In real estate, a listing contract allows a broker to act on behalf of the property owner when dealing with their associated properties. The broker is a real estate agency, such as Funkhouser Realty or Old Dominion Realty.
These are collectives of representatives whose jobs are to protect the interests of the property owner while serving as the middleman between the owner and their clients.
Real estate agents are the representatives of the brokerage firm who assist clients in renting, buying or selling a property. Legally speaking, these brokerage firms are required to host these transactions much in the way that stock brokers are needed to handle the purchase and relinquishment of stocks in a company. If one were to take the broker out of the picture, one has removed the legal grounds for certifiable exchanges to take place.
In particular, rent-to-own listings are a noteworthy topic because of the unique nature of the rent-to-own platform of exchange. While not considered a traditional means of putting a roof over one's head, it does merit consideration for the serious buyer whose needs are satisfied by the chance that a rent-to-own setting will provide them to buy their way up from a rented unit into an owned one.
When dealing with a rent-to-own unit, understanding how the upgrade into a mortgage works and who's responsible for what is an essential factor of the tenant's relationship with the real estate listing contract. Because every rent-to-own contract is a little different, the duties that are expected of the owner and the tenant can change over time and take unexpected turns without a closer look. Naturally, overtures of this nature should be handled by an experienced real estate attorney.
Factors to Consider
When seeking out a rent-to-own unit, the prospective tenant might be staring down a collection of opportunities without knowing which ones will suit their needs best. Since the home is going to be purchased, the first step is determining if the unit being checked out is a place that one would want to stay in for several years going forward. However, there are dangerous drawbacks to some contracts that can result in a great deal of wasted money on the tenant's part.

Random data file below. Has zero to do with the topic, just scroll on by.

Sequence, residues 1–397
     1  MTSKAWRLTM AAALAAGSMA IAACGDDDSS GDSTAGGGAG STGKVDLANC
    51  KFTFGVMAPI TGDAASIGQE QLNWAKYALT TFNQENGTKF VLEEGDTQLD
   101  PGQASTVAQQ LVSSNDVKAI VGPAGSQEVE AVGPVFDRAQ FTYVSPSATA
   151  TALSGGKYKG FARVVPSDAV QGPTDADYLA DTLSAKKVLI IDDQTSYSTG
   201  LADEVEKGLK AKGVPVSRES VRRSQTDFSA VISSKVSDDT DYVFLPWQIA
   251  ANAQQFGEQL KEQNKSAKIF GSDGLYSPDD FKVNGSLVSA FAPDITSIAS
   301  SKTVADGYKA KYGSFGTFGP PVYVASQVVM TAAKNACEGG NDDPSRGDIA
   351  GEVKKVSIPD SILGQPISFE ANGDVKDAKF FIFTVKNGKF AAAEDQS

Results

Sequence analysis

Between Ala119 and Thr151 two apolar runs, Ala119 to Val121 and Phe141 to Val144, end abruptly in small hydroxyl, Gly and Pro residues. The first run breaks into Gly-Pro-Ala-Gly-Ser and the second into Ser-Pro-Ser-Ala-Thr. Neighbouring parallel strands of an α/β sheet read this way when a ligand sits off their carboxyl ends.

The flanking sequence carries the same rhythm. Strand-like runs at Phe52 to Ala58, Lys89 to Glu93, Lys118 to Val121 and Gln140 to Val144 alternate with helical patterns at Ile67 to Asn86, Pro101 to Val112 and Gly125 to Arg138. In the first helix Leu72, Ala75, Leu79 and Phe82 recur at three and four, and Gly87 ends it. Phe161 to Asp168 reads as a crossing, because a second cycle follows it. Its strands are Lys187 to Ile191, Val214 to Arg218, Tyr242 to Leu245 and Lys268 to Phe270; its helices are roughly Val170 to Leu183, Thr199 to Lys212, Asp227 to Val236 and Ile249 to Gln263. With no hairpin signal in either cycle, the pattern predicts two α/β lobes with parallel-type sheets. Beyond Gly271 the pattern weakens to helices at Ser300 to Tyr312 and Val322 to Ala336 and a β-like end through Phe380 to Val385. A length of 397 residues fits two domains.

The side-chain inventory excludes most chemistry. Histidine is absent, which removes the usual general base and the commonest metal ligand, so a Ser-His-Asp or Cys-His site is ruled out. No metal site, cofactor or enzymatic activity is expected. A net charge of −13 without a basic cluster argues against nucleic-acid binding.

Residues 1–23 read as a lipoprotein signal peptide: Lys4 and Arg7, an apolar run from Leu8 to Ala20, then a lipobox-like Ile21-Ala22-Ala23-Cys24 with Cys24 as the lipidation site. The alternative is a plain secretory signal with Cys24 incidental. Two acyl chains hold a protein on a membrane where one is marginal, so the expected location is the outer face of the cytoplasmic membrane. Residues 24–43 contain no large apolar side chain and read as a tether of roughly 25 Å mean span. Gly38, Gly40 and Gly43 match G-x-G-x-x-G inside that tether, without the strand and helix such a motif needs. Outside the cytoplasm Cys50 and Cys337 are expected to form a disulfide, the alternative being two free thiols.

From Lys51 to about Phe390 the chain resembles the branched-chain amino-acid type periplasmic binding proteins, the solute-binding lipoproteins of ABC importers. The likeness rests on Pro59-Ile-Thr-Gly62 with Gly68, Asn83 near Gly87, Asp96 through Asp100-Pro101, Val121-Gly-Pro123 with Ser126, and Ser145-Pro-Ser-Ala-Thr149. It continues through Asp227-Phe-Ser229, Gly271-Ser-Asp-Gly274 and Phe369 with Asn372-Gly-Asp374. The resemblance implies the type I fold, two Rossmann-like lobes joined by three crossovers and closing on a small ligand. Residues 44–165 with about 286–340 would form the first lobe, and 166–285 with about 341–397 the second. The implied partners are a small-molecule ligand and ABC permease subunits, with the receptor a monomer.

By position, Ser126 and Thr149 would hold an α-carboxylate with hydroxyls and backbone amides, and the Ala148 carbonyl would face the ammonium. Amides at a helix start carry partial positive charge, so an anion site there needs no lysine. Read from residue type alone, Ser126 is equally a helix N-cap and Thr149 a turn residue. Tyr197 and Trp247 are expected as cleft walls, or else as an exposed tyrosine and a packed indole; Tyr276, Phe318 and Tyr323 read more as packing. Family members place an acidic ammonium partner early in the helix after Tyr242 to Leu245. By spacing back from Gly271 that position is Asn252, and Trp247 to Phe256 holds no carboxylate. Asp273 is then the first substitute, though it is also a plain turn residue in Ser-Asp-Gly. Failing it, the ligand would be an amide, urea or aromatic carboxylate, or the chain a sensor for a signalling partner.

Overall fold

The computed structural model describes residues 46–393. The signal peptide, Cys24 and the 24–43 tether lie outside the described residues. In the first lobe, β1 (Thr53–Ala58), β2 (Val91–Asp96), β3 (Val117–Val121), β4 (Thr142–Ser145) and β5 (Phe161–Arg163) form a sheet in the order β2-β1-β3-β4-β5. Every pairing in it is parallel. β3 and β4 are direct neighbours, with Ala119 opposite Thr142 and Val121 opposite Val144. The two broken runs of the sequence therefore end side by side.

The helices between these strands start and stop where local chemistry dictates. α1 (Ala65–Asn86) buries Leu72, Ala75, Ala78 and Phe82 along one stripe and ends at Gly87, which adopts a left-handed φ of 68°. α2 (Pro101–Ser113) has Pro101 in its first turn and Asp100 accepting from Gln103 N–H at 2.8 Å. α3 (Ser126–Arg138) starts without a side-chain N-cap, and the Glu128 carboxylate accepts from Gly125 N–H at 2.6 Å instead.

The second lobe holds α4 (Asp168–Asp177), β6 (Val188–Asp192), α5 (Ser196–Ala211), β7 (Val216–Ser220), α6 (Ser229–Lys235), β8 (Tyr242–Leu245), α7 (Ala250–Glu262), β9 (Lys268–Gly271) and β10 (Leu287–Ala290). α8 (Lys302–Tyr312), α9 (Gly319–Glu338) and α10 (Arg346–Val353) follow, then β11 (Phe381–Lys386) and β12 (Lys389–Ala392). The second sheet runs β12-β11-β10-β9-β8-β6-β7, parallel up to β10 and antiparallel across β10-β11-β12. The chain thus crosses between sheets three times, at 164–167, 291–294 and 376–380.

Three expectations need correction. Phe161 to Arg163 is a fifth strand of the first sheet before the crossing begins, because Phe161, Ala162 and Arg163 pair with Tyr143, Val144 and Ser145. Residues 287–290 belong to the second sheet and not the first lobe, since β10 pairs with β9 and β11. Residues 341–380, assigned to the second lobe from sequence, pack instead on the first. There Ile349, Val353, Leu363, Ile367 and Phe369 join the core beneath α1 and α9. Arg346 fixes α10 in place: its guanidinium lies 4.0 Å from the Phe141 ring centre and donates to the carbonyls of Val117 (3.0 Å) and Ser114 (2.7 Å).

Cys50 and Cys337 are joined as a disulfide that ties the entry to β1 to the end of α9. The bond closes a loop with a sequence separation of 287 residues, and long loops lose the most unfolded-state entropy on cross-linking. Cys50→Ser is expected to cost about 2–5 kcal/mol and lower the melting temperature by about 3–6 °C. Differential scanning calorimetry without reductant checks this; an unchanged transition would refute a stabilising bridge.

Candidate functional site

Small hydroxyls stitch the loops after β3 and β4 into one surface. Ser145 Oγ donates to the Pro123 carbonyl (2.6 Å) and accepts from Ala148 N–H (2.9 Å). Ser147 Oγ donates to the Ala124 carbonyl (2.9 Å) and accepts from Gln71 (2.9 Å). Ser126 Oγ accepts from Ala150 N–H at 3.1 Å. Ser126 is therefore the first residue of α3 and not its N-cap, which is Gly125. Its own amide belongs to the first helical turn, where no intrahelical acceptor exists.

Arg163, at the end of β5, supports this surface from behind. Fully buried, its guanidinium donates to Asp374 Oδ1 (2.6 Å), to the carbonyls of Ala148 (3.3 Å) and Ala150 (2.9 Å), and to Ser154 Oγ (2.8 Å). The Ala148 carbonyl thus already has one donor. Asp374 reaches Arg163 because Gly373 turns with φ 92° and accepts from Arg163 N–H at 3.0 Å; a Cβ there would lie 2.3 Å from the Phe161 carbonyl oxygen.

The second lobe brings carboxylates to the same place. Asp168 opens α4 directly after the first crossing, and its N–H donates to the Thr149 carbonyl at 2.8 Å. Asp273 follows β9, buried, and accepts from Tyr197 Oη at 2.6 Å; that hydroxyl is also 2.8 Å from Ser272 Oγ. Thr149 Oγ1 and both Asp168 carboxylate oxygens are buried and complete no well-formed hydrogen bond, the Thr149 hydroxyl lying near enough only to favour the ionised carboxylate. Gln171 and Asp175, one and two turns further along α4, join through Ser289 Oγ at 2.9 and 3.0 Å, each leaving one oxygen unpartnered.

1. What exactly is an "option premium"?
This is money that's paid up-front when signing the lease that gives the tenant the option to upgrade from a rental situation into a mortgage over the course of that leasing period. The premium is usually between 2.5 percent and 7 percent of the final purchase price, which can be pretty expensive.
2. Where does the option premium go if the house doesn't end up purchased?
More than likely, the money will go into the owner's pocket — end of story. However, not every contract entails this, and some will allow the tenant to carry over some or all of their option premium into a new lease.
3. What relationship do the selling price and monthly rent have with each other?
Normally, the homeowner will charge an overhead to rent that contributes toward the purchase of the house. This overhead is determined as a percentage of the rent itself, which can vary. However, some contracts indicate that failing to buy the home by the end of the lease period will relinquish all of the overhead expenditures.
4. Over what time span does the leasing contract bind the client?
It's normally one to three years. The most important point to consider is if one can successfully meet the down payment and credit requirements to mortgage the unit before the lease expires, because failing to do so will typically result in four- or five-figure investment losses on the tenant's part.
- Wisebread.com - This article is a good resource to discover what to watch out for when contending with rent-to-own listings.
- Investopedia.com - Investopedia is an excellent resource for understanding how to properly invest in a home, especially when it comes to the risks of a rent-to-own situation.
- Zillow.com - For those who need a resource on where to find rent-to-own homes, Zillow is considered one of the best places to check.